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Attentional Capacity & Flow Experiences: Examining the Attentional Component of Sync Theory

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Attentional Capacity & Flow Experiences: Examining the Attentional Component of Sync Theory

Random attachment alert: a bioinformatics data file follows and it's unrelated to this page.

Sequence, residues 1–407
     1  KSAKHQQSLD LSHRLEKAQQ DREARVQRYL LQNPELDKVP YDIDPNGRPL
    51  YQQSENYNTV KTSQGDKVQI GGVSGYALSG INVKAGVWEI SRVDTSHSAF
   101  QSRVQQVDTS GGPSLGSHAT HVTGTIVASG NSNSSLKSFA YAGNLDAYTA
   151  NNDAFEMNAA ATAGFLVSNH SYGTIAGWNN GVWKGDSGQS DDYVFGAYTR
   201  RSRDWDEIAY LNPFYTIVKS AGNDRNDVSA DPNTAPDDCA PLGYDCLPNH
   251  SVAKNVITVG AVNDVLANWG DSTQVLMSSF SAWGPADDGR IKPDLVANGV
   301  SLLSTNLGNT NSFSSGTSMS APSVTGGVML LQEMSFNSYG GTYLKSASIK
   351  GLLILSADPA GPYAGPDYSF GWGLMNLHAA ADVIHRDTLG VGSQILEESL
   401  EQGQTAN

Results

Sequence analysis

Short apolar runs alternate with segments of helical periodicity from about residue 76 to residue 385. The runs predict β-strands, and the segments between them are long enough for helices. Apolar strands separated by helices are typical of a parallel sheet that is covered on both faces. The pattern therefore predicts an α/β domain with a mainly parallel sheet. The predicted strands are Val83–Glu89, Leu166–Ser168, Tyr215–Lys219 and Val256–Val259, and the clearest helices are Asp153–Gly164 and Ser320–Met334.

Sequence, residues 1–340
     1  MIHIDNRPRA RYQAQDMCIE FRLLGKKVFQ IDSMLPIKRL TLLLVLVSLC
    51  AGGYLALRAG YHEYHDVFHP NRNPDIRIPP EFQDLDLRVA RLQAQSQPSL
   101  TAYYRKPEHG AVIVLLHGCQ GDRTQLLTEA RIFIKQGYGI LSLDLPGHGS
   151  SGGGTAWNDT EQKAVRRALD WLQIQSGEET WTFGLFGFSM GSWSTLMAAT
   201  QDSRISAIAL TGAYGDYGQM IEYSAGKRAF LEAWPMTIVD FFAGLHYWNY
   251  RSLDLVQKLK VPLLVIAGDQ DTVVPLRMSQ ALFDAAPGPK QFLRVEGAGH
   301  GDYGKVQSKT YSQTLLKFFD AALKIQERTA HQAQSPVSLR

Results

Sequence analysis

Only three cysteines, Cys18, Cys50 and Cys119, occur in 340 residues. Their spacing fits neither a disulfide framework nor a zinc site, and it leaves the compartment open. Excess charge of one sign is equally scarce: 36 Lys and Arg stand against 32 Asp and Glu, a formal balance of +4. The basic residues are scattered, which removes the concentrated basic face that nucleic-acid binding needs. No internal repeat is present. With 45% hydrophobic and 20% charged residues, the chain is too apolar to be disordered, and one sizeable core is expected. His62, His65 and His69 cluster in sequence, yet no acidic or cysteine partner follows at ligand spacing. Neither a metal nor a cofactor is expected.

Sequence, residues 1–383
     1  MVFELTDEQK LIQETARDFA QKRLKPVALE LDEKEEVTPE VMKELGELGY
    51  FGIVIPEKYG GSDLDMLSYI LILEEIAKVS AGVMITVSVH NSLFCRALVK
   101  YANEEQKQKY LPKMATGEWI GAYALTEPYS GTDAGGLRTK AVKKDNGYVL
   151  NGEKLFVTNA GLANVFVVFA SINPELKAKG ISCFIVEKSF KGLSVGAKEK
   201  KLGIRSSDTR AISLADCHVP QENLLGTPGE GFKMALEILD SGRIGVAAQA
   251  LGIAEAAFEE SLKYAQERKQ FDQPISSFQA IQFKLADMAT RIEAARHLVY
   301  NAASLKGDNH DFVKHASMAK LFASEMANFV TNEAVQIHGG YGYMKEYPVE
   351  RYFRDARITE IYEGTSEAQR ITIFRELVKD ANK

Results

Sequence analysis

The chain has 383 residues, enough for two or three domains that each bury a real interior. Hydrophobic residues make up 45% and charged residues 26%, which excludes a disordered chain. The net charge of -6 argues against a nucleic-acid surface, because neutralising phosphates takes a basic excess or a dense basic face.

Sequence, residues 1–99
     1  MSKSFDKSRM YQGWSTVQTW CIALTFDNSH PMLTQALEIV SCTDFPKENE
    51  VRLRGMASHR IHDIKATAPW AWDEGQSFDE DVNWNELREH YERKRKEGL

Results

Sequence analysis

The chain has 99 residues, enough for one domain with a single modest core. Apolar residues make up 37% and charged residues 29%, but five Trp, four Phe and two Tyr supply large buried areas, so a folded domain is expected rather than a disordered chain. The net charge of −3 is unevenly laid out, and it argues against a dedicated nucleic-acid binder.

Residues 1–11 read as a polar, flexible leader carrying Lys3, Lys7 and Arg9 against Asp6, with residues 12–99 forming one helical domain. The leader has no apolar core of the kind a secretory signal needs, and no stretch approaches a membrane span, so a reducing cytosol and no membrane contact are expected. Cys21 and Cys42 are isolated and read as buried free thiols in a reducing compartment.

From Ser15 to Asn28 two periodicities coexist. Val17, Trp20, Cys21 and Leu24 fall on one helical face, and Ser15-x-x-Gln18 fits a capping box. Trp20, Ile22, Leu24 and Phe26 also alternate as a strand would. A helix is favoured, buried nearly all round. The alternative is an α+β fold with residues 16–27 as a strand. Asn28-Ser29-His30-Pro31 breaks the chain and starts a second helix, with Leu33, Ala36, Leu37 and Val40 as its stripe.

1. 1.            17.313.216.112.717.316.48.613.318.10.02.04.06.08.010.012.014.016.018.020.0Boredom Flow FrustrationFlowSelfReportExperimental ConditionBoredom Flow Frustration510.79593.47538.21460480500520540560580600Boredom Flow FrustrationResponseTimeExperimental ConditionWilks’ lambda = .68, F(2, 118) = 28.12, p < .001All pairwise comparisons significantly different, p < .014Wilks’ lambda = .928, F(2,119) = 4.626, p = .012All pairwise comparisons significantly different, p < .033Attentional Capacity & Flow Experiences: Examining the Attentional Component of Sync TheoryRené Weber & Richard HuskeyUniversity of California Santa Barbara | Department of CommunicationCondition DefinitionResourcesRequiredResourcesAllocatedAvailableResourcesBoredom Difficulty < skill Moderate Low High (fast RTs)Frustration Difficulty > skill High Low High (fast RTs)Flow Difficulty = skill High High Low (slow RTs)!Primary TaskSecondary TaskFlow experiences are characterized by unique affective and attentionalstates (Csikszentmihalyi, 1990). These psychological states can beelicited by media exposure and can serve as a motivation for subsequentmedia use (Sherry, 2004). Recently, flow has been theorized as thecognitive synchronization of attentional and reward networks (Weber,Tamborini, Westcott-Baker, & Kantor, 2009). An experimental study testsassumptions about the role of attention in flow experiences andproposes the use of secondary taskresponse times as an unobtrusivemeasure of the attentionalcomponents of flow. Consistent withpredictions from Lang’s (2009) LC4MP,results show that response times arelongest under flow conditions. Theseresults offer preliminary support forthe attentional component ofsynchronization theory.References:Csíkszentmihályi, Mihály. (1990). Flow: The psychology of optimal experience. New York, NY: HarperCollins Publishers.Sherry, J. (2004). Flow and media enjoyment. Communication Theory, 14(4), 328–347.Weber, R., Tamborini, R., Westcott-Baker, A., & Kantor, B. (2009). Theorizing flow and media enjoyment as cognitivesynchronization of attentional and reward networks. Communication Theory, 19(4), 397-422.Lang, A. (2009). The limited capacity model of motivated mediated message processing. In R. L. Nabi & M. B. Oliver (Eds.), TheSAGE Handbook of Media Processes and Effects (pp. 193–204). Thousand Oaks, CA: Sage Publications.

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